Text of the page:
The operating system subsidiary of handheld maker Palm cited a recent study by market researcher NPDTechworld that reported that handheld software sales climbed from 225,000 titles sold in 2,000 to 900,000 titles sold in 2001. The study measured software sold in retail outlets and did not include online software sales, which make up a large part of overall handheld software sales.
Business applications, games and document readers featured regularly on shopping lists but niche programs, on subjects such as wine and gardening, also peaked user interest, PalmSource said.
"What we find really gratifying is that as handhelds mature, people are basically adopting them into their lives," said PalmSource chief competitive officer Michael Mace.
There are currently more than 13,000 PalmSource applications available and that number is constantly growing, Mace said.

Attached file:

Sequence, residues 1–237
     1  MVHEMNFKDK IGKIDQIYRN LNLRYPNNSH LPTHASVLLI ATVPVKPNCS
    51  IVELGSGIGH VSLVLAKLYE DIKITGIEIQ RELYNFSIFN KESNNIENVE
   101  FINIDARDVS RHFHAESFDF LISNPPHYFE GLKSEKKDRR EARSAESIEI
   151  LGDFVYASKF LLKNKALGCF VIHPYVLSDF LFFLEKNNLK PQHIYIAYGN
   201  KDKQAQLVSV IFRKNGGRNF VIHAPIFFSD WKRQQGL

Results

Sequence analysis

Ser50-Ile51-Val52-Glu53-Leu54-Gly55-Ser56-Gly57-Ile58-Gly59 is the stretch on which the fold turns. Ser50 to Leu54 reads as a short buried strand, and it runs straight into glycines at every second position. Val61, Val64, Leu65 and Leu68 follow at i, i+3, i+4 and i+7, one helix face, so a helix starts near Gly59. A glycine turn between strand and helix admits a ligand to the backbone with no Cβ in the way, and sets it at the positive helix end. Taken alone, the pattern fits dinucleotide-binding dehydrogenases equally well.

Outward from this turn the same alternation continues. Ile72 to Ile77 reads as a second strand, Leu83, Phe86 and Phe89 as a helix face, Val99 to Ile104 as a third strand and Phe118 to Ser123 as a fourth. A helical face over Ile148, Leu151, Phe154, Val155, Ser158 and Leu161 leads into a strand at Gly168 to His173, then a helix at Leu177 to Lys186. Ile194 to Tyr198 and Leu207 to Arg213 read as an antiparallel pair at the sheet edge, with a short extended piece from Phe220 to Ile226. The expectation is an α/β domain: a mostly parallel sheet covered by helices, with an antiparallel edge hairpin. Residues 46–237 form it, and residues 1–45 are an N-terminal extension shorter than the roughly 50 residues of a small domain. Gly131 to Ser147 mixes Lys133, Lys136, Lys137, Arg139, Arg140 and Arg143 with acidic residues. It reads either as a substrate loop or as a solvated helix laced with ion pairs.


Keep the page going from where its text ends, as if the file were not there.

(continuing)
He predicted, however, that the big boom in handheld software growth still lies ahead, when handhelds will eventually outnumber PCs.
Meanwhile, the company is gearing up for its European developers forum which includes two-day conferences in Berlin, Paris and London. PalmSource said that it has more than 44,000 members of the Palm OS development community in Europe.
With Europe's advanced cell phone infrastructure, European Palm OS developers are expected to focus on more wireless applications, according to Mace.
There should still be a program for everyone, however, as handheld software's success seems to be based on its sheer variety, Mace noted.
"The killer app is different for everyone," said Mace. "One size fits one."